Tribe v. Shell Oil Co., Inc.Annotate this Case
133 Ariz. 517 (1982)
652 P.2d 1040
Charles W. TRIBE and Clotilda Tribe, husband and wife, Plaintiffs-Appellants, v. SHELL OIL COMPANY, INC., a corporation, and Clayson K. Smock, Defendants-Appellees.
Supreme Court of Arizona, In Division.
September 28, 1982.
Rehearing Denied November 2, 1982.
*518 Robinson & Syme by James J. Syme, Glendale, for appellants Tribe.
O'Connor, Cavanagh, Anderson, Westover, Killingsworth & Beshears by Michael W. Carnahan, Larry L. Smith and Brian C. Bond, Phoenix, for appellees Shell Oil.
Burch & Cracchiolo by Timothy L. Pierson and Brian Kaven, Phoenix, for appellees Smock.
Plaintiffs (appellants) brought a negligence action to recover for injuries suffered as a result of a fall while patrons at defendants' (appellees) service station. The trial court granted summary judgment in favor of the defendants and this appeal follows.
We took jurisdiction pursuant to A.R.S. § 12-2101 and 17A A.R.S., Rules of Civil Appellate Procedure, rule 19(e).
Summary judgment is generally not appropriate in negligence actions. It may be granted, however, if the record demonstrates that there is no genuine dispute as to any material fact; if only one inference can be drawn from the undisputed material facts; and, as a matter of law, if the moving party is entitled to judgment. Nicoletti v. Westcor, Inc., 131 Ariz. 140, 639 P.2d 330 (1982); 16 A.R.S. Rules of Civil Procedure, rule 56(c). The primary duty of the reviewing court is to determine whether there is an issue of fact to be tried. Where reasonable minds could reach different conclusions as to the existence of a genuine issue, summary judgment should not be granted. Wisener v. State, 123 Ariz. 148, 598 P.2d 511 (1979).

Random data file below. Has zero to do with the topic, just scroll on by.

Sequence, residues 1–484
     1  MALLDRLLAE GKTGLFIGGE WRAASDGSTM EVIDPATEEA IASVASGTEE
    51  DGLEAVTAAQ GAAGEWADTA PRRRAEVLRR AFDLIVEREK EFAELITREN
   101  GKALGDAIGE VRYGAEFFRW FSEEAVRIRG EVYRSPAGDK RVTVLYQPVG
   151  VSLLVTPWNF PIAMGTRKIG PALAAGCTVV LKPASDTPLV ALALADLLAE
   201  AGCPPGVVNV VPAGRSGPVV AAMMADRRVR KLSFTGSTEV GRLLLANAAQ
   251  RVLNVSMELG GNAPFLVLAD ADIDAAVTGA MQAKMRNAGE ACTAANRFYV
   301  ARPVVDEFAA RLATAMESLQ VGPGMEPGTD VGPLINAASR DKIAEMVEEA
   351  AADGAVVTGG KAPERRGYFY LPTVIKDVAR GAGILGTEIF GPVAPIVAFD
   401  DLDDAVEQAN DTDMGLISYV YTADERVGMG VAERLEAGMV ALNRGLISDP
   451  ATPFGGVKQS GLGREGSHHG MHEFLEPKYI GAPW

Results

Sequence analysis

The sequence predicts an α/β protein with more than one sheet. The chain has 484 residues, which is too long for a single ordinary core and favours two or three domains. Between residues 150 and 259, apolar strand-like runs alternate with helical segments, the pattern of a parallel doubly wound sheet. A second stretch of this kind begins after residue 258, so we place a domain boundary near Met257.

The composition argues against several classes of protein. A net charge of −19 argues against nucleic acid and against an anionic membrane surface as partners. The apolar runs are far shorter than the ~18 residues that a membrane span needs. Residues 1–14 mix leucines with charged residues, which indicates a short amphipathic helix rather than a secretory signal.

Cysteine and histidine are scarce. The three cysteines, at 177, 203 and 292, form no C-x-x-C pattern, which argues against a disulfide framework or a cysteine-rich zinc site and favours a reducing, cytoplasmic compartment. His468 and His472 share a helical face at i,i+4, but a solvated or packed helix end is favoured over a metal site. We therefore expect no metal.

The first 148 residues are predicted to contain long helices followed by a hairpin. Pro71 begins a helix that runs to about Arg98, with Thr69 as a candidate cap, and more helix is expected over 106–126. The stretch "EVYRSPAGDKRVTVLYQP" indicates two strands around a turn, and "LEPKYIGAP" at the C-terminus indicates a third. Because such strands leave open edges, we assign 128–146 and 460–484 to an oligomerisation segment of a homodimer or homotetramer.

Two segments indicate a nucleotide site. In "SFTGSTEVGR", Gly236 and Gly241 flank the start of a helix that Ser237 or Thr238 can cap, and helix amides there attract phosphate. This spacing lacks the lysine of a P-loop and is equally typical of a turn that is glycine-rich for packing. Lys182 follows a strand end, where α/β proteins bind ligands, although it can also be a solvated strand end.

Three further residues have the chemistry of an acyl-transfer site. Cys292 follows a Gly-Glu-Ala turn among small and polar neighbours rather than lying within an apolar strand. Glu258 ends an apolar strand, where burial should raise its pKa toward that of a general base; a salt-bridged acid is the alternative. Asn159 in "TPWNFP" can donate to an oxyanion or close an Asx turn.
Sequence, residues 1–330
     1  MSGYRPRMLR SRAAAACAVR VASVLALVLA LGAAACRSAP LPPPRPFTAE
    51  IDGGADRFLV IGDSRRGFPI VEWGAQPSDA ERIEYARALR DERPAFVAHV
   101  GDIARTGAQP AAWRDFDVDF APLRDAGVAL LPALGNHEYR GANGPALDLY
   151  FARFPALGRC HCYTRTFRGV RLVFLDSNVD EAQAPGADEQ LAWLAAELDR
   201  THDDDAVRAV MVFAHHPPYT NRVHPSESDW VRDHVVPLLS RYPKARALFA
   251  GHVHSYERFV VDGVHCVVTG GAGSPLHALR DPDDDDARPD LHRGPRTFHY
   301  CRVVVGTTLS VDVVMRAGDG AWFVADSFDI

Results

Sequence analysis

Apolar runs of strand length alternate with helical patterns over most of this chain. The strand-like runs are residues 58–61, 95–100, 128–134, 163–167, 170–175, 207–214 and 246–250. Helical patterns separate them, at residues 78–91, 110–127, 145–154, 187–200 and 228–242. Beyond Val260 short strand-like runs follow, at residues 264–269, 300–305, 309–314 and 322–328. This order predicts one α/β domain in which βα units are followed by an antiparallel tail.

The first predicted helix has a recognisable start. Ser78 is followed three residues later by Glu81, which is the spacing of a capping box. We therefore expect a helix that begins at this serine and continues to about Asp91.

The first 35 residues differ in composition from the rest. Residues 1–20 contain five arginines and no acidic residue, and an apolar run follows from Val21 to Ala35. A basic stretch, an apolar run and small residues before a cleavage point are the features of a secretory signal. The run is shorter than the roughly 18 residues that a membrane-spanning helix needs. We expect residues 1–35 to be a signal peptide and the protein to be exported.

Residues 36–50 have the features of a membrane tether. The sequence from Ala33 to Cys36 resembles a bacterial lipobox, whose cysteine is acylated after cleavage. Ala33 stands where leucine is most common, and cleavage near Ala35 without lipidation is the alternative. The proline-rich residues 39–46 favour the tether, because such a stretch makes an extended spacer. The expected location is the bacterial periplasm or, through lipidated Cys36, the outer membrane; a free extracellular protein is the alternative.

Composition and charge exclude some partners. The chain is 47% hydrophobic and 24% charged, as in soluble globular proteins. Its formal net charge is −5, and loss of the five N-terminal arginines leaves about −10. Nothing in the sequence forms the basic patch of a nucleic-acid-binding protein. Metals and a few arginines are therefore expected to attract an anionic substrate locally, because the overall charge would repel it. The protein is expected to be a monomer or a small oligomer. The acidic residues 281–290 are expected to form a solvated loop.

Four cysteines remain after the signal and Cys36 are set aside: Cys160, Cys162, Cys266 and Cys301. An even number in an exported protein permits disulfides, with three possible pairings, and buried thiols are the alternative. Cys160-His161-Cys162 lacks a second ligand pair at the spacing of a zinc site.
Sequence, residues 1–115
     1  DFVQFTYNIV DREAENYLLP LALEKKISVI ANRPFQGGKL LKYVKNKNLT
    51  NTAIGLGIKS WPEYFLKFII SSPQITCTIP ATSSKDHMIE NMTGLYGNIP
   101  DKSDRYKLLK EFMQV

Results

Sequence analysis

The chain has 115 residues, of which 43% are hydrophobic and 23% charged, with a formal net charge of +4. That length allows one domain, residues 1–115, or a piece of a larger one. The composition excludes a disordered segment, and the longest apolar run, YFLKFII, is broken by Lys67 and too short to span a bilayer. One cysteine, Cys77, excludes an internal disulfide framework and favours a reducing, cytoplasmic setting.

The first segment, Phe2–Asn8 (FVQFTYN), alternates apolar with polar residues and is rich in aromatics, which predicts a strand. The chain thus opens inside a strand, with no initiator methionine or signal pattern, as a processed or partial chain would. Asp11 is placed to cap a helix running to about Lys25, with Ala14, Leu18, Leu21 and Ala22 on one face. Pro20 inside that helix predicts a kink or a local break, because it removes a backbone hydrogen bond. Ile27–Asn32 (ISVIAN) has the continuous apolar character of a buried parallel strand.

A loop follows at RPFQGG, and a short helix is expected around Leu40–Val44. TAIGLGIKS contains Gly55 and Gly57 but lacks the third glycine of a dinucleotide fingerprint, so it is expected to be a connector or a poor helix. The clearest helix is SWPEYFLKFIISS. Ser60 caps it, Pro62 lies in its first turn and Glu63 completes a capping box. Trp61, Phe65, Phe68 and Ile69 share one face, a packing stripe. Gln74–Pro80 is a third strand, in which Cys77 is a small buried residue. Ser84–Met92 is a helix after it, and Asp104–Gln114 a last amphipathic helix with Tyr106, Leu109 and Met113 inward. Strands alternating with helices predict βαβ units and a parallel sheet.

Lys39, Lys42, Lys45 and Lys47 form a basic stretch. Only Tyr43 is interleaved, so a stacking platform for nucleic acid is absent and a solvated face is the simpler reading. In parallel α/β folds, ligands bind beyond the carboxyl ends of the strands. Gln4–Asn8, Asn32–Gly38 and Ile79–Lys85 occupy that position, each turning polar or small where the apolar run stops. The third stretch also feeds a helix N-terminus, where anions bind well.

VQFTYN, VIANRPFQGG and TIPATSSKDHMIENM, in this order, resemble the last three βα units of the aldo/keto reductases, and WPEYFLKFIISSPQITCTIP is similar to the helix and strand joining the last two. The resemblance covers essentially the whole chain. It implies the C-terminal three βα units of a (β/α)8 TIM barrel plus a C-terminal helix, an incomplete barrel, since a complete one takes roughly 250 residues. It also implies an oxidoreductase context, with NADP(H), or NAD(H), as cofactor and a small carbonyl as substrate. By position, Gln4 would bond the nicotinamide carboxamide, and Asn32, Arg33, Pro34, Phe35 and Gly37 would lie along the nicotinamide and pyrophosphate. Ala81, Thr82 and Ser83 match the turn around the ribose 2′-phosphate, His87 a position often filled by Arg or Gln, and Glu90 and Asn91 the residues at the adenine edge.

The material facts in this case are not in dispute; rather, it is the factual inferences which arise from the undisputed facts that are in actual dispute. Those facts, viewed in a light most favorable to the party opposing the motion for summary judgment, are developed in the deposition of appellant.
On the day of the accident, July 3, 1978, appellants Mr. and Mrs. Tribe and their two children pulled into appellees' service station. Mr. Tribe bought some gas and drove around the building to the restrooms. Mrs. *519 Tribe used the restroom, then walked with her daughter to the front of the station in search of a water fountain. Mrs. Tribe and her daughter approached the fountain by taking a short step of approximately six inches to get onto the sidewalk upon which the fountain was located. After getting her drink, Mrs. Tribe turned around while cautioning her daughter about the traffic, stepped off a sixteen-inch step on the front of the sidewalk and fell heavily, shattering her wrist.
Appellants allege that the location of the water fountain on the premises of the Shell service station is inherently dangerous and negligently designed and constructed. Mrs. Tribe stated that she never saw the sixteen-inch step because she approached the drinking fountain from the side where the step was six inches. She stated that a station wagon obstructed her view of the step and her attention was distracted by the traffic and her concern for her child's safety. Photographs attached to the deposition illustrate the difference in the elevation of the step and show that the riser was painted a contrasting color.